First off, TSA does not add people to the watch-lists, no matter how cranky you are at a checkpoint. Second, political views have nothing to do with no-flys or selectees. These myths have taken on urban legend status. There are very strict criteria and they are reviewed by lots of separate people in separate agencies: it is for live terror concerns only. The problem comes from random selectees (literally mathematically random) or people who have the same name and birth date as real no-flys. If you can get a boarding pass, you are not on the no-fly list. This problem will go away when Secure Flight starts in 2008, but we can’t seem to shake the false impression that ordinary Americans get put on a “list.” I am open for suggestions on how to make the public “get it.”
BS: It’s hard to believe that there could be hundreds of thousands of people meeting those very strict criteria, and that’s after the list was cut in half! I know the TSA does not control the no-fly and watch lists, but you’re the public face of those lists. You’re the aspect of homeland security that people come into direct contact with. Some people might find out they’re on the list by being arrested, or being shipped off to Syria for torture, but most people find out they’re on the list by being repeatedly searched and questioned for hours at airports.
The main problem with the list is that it’s secret. Who is on the list is secret. Why someone’s on is secret. How someone can get off is secret. There’s no accountability and there’s no transparency. Of course this kind of thing induces paranoia. It’s the sort of thing you read about in history books about East Germany and other police states.
The best thing you can do to improve the problem is redress. People need the ability to see the evidence against them, challenge their accuser, and have a hearing in a neutral court. If they’re guilty of something, arrest them. And if they’re innocent, stop harassing them. It’s basic liberty.
I don’t actually expect you to fix this; the problem is larger than the TSA. But can you tell us something about redress? It’s been promised to us for years now.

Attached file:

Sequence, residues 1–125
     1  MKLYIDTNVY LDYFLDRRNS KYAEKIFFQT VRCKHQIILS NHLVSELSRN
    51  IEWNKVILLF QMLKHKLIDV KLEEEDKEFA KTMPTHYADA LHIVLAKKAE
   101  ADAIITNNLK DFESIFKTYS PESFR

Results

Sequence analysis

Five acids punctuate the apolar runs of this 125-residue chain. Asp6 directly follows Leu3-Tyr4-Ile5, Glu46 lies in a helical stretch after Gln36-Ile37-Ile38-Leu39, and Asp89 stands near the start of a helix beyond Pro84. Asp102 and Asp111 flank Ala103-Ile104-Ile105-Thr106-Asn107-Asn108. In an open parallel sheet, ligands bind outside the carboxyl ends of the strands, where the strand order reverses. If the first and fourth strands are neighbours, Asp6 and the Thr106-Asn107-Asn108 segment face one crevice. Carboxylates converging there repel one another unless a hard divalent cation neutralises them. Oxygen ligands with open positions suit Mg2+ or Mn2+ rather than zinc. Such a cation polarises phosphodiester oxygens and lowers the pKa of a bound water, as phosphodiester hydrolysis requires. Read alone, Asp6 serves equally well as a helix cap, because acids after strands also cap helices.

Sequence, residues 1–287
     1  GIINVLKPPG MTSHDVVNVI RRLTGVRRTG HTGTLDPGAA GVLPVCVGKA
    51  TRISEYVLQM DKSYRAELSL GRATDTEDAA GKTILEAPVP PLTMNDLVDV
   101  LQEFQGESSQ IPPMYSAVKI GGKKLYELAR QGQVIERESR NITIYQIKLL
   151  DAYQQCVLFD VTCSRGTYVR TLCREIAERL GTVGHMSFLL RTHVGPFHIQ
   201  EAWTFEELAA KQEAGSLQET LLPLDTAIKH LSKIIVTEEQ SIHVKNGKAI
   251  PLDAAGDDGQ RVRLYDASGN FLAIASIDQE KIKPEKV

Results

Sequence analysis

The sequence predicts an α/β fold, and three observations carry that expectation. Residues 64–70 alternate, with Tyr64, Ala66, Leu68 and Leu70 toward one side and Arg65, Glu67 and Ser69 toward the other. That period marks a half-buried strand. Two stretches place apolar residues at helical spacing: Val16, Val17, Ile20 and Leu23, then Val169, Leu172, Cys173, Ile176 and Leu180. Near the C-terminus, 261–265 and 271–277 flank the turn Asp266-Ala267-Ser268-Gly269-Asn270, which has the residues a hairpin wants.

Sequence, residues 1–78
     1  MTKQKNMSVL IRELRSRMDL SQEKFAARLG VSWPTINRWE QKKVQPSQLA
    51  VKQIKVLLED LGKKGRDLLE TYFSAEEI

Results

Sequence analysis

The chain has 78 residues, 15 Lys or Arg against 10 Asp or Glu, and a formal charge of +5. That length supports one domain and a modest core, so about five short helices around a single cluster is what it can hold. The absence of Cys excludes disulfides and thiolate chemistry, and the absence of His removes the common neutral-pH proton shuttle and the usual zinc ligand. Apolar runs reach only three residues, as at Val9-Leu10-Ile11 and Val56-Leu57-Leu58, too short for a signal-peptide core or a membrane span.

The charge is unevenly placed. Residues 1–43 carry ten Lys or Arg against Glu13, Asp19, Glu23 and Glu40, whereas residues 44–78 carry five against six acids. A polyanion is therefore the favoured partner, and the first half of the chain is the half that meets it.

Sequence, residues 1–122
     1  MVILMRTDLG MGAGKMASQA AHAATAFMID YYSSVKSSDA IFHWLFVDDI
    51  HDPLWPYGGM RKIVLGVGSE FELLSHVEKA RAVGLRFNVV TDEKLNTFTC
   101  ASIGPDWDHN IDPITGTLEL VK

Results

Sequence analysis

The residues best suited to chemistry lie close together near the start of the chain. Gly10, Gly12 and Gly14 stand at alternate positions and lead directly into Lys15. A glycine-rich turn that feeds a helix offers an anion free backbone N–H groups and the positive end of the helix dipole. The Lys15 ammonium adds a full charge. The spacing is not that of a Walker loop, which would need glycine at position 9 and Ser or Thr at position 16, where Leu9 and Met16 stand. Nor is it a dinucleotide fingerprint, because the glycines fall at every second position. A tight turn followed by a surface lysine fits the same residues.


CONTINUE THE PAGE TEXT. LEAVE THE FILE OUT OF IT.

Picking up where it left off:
KH: Redress issues are divided into two categories: people on the no-fly list and people who have names similar to them.
In our experience, the first group is not a heavy user of the redress process. They typically don’t want anything to do with the U.S. government. Still, if someone is either wrongly put on or kept on, the Terrorist Screening Center (TSC) removes him or her immediately. In fact, TSA worked with the TSC to review every name, and that review cut the no-fly list in half. Having said that, once someone is really on the no-fly list, I totally agree with what you said about appeal rights. This is true across the board, not just with no-flys. DHS has recently consolidated redress for all DHS activities into one process called DHS TRIP. If you are mistaken for a real no-fly, you can let TSA know and we provide your information to the airlines, who right now are responsible for identifying no-flys trying to fly. Each airline uses its own system, so some can get you cleared to use kiosks, while others still require a visit to the ticket agent. When Secure Flight is operating, we’ll take that in-house at TSA and the problem should go away.
BS: I still don’t see how that will work, as long as the TSA doesn’t have control over who gets on or off the list.
Part 4: Registered Traveler and behavioral profiling
Posted on August 1, 2007 at 6:12 AM •